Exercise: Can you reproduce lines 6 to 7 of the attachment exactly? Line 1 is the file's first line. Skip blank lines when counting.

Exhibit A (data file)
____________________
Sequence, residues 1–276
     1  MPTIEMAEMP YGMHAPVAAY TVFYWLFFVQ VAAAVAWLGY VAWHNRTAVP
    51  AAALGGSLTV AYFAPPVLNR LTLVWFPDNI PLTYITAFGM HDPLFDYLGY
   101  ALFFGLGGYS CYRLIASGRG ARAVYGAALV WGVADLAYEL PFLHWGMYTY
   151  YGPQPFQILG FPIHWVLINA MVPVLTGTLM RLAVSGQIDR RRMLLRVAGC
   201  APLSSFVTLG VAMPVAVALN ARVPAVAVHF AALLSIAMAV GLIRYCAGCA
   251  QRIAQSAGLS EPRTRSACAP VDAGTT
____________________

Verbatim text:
   201  APLSSFVTLG VAMPVAVALN ARVPAVAVHF AALLSIAMAV GLIRYCAGCA
   251  QRIAQSAGLS EPRTRSACAP VDAGTT